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95-Year-Olds Still Qualify for 30-year Mortgages

Under the Equal Credit Opportunity Act, a loan applicant’s age doesn’t matter – even people who think, “There’s no way I’ll live long enough to pay this off.”

NEW YORK – Older Americans may not realize they can still qualify for a mortgage. Under the Equal Credit Opportunity Act, a loan applicant’s age doesn’t matter – even those who think “There’s no way I’ll live long enough to pay this off.”

Mary Babinski, a senior loan officer with Motto Mortgage Champions in Trinity, Fla., told The Wall Street Journal that when a 97-year-old applicant came in to inquire about a mortgage, he was surprised he could still qualify for a 30-year loan. But older borrowers are eligible for loans that will expire as late as their 130th birthdays.

In addition, more lenders are promoting loans to retirees that qualify with special lending programs geared to them.

Borrowers over the age of 65 comprise about 10% of all mortgages originated each year, according to the Federal Housing Finance Agency.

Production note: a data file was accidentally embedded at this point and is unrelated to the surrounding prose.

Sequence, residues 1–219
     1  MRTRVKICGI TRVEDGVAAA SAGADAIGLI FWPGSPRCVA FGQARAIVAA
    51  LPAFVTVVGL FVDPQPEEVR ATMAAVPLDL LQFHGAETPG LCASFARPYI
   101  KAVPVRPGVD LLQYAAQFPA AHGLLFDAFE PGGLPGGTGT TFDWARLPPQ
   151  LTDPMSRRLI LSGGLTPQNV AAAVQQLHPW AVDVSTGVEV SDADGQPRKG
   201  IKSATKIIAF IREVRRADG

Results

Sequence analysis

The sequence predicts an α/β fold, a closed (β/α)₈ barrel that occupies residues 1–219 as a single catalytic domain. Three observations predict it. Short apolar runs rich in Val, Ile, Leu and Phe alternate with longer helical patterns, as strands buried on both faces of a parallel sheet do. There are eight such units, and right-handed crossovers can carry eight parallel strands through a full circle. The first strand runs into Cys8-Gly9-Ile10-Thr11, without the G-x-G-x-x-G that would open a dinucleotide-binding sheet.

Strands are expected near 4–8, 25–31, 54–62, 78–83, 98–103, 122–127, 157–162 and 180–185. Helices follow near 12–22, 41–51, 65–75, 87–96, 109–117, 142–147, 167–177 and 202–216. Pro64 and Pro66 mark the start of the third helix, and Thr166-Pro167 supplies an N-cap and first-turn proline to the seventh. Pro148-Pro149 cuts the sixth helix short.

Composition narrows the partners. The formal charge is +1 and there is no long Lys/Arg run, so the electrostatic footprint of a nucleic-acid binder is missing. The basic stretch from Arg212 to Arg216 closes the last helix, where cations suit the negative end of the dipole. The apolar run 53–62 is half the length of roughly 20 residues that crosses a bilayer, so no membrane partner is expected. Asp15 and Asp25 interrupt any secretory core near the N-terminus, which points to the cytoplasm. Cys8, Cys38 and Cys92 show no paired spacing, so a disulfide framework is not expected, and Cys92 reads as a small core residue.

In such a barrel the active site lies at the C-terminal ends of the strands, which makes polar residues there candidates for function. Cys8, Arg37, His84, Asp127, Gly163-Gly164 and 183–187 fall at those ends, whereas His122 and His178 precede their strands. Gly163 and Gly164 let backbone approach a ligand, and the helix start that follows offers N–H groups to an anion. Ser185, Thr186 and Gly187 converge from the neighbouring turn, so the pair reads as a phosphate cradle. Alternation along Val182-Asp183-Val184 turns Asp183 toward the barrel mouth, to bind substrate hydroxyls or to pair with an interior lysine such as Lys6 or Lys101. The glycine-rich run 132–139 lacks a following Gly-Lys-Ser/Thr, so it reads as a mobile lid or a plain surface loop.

It’s not just about age. Without a full-time job in retirement, some older adults wonder how they’ll qualify with only limited monthly earnings. Still, lenders continue qualifying older adults for a mortgage based on their pensions, Social Security, dividends and the interest they have available. They’re also showing more willingness to work with retirees to help qualify them based on either their income, distributions or assets.

Jumbo mortgages aren’t off the table either. Richard Barenblatt, a mortgage specialist with GuardHill Financial in New York, was able to get an 83-year-old retired Manhattan co-op owner a $1 million, 10-year, interest-only adjustable-rate mortgage for a refinance at a “highly competitive rate.”

Source: “You’re Never Too Old to Apply for a Mortgage,” The Wall Street Journal (Jan. 16, 2020) [Log-in required.]

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